Cancer was a good influence
An artist blogger wrote recently that people don’t come to your blog for your art, they come for you. If you can’t write something personal, something that lets people (hopefully, people who like your art) get to know you better, then you shouldn’t bother.
So since this is my first real blog post, I guess I better write about something important to me.
Two really important things have happened to me within the last 7 months. I was diagnosed with cancer in December ’09 and I started an abstract watercolor class at the Art Students League in June ’10. They may not look like equivalent events, but they both have taught and are continuing to teach me a lot.
So what did my bout with cancer teach me? (I’ll deal with the abstract stuff in my next blog.) It taught me about love and friendship and the appropriate/human way to respond to a friend in crisis.
After the diagnosis of anal cancer and all my bad jokes about what a pain in the ass this was, I got down to the serious business of my treatment: 2 weeks of chemo and two months of daily radiation at Roosevelt Hospital. Beyond the pain, which frankly wasn’t too bad, there was the mind-boggling inconvenience of not being able to sit down at all or even stand for too long. Try eating lying down … it’s exhausting when you don’t have a lot of energy to start with. And painting lying down was impossible (with an amazed nod to Matisse creating Jazz from his chaise lounge at the end of his life).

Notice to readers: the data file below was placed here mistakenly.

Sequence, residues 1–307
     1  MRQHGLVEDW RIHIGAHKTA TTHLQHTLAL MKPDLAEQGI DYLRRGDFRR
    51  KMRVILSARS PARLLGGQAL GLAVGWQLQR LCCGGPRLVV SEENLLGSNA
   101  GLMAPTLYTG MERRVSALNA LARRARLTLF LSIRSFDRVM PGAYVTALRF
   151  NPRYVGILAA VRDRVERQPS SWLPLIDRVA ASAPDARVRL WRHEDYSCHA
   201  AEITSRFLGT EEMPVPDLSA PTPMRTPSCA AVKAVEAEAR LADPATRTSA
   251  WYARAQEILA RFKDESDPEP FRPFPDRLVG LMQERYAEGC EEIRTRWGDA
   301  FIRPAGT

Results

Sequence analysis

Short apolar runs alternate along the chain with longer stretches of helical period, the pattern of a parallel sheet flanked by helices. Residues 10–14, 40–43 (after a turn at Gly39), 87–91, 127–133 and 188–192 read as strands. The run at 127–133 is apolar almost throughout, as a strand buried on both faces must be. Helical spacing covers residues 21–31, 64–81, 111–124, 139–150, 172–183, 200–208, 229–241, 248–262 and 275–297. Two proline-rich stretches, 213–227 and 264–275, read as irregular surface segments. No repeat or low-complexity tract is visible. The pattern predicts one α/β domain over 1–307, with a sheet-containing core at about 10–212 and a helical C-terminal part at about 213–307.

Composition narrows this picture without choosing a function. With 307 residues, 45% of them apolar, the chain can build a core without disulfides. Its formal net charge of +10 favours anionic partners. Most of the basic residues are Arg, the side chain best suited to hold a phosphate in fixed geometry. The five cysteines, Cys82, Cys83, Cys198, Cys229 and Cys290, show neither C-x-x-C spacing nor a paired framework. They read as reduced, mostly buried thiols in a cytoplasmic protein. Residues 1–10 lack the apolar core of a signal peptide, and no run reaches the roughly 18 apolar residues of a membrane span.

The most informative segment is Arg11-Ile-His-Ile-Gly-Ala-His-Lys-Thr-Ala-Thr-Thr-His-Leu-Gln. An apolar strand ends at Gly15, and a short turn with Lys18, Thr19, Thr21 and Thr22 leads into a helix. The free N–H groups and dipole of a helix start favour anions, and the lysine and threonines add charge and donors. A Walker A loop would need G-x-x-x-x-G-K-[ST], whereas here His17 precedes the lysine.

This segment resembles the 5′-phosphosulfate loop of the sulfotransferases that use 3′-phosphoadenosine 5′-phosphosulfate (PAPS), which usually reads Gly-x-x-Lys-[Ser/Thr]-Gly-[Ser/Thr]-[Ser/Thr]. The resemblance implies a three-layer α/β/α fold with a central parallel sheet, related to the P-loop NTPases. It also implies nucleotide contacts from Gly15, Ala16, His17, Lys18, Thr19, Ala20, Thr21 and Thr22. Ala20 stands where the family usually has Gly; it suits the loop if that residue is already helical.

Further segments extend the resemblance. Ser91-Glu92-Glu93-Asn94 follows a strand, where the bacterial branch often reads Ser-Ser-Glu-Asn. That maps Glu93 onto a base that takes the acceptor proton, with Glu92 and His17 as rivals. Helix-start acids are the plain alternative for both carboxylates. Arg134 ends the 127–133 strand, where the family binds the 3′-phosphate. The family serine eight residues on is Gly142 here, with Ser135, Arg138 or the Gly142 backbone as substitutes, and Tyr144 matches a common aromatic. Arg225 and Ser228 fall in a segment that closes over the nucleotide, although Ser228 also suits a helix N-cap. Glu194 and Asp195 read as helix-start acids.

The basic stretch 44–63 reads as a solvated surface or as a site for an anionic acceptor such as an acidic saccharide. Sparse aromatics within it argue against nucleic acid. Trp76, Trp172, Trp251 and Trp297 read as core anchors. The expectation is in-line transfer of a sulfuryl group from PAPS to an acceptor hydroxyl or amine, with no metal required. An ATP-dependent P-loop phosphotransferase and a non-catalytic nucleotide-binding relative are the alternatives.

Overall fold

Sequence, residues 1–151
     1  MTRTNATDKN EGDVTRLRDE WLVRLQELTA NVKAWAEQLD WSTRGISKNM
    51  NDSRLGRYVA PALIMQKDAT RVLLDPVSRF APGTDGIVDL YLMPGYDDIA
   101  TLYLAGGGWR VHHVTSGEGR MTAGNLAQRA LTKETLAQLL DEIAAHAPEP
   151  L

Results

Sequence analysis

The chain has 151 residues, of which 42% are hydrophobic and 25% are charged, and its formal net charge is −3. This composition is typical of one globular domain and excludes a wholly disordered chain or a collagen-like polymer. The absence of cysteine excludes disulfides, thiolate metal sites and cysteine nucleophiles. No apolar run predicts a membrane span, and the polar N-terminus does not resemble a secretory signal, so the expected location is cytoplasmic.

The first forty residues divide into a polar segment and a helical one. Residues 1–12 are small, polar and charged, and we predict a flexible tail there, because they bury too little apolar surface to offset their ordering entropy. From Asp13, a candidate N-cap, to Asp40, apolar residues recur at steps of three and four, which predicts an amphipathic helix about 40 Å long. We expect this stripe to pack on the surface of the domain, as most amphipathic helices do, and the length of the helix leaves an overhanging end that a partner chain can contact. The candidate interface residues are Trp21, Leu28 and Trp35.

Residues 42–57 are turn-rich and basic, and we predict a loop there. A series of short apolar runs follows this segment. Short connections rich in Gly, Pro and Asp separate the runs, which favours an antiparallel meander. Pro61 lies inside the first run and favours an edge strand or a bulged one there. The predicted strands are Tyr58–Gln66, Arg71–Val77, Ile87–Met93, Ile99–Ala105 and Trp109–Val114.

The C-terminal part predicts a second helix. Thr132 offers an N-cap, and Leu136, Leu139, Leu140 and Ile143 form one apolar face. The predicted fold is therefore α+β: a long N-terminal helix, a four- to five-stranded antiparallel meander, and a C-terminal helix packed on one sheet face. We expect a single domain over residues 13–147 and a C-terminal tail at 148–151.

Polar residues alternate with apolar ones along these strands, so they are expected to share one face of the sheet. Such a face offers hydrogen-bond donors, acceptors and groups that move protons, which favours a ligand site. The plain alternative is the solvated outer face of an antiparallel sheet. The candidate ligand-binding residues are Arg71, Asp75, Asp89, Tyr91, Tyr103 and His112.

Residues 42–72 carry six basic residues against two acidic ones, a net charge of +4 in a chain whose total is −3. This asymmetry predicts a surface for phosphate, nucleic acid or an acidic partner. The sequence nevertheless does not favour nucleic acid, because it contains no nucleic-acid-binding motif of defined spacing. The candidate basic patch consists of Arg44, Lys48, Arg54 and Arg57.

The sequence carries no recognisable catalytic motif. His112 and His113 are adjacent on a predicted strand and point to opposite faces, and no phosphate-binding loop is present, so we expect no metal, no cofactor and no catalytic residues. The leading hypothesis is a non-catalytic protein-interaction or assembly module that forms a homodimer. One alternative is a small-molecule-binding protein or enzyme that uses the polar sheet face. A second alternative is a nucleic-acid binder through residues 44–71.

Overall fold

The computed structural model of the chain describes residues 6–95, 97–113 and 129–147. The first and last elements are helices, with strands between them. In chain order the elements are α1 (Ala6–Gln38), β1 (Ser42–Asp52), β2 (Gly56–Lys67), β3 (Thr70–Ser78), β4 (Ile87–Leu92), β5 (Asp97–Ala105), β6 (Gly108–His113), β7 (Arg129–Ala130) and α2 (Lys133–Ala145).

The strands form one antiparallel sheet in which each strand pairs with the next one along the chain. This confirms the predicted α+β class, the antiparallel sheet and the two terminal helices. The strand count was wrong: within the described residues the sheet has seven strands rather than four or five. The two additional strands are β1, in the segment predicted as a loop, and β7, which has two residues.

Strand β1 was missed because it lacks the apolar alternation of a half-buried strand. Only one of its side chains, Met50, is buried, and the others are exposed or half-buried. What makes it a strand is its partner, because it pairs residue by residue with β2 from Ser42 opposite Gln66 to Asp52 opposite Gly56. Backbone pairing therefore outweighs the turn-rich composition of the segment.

My husband, not otherwise known for his patience, was an absolute rock supporting and loving me every inch of the way. My son dropped everything in his packed schedule (as part of a software startup about to go live) to drive me to and from the hospital for treatment once a week. His girlfriend loaned me some hats when I lost my hair. Three other friends each gave up a day a week to drive me for treatment. Other friends and family called daily, weekly just to say hi, find out how I was doing and offer encouragement. My brother somehow knew to call when I was feeling low and he and his wife made four hour drives to bring me cooked meals and soup. Other friends came to visit, brought books, interesting discussions, and laughter. And people I barely knew called to say they were thinking of me and to wish me well.
It was awesome. But the comparison with my own behavior in the past was sobering.
Looking back at occasions when my friends or acquaintances were going through difficult times, I know I wasn’t as good a friend to them. I was too involved with myself. Now I know how it feels.
Though I’m certainly glad it’s gone, cancer was a good influence on me. I learned to really appreciate my family and friends and how to be a better friend myself.
Stay tuned for the next blog about my abstract watercolor class and what I’m learning from that.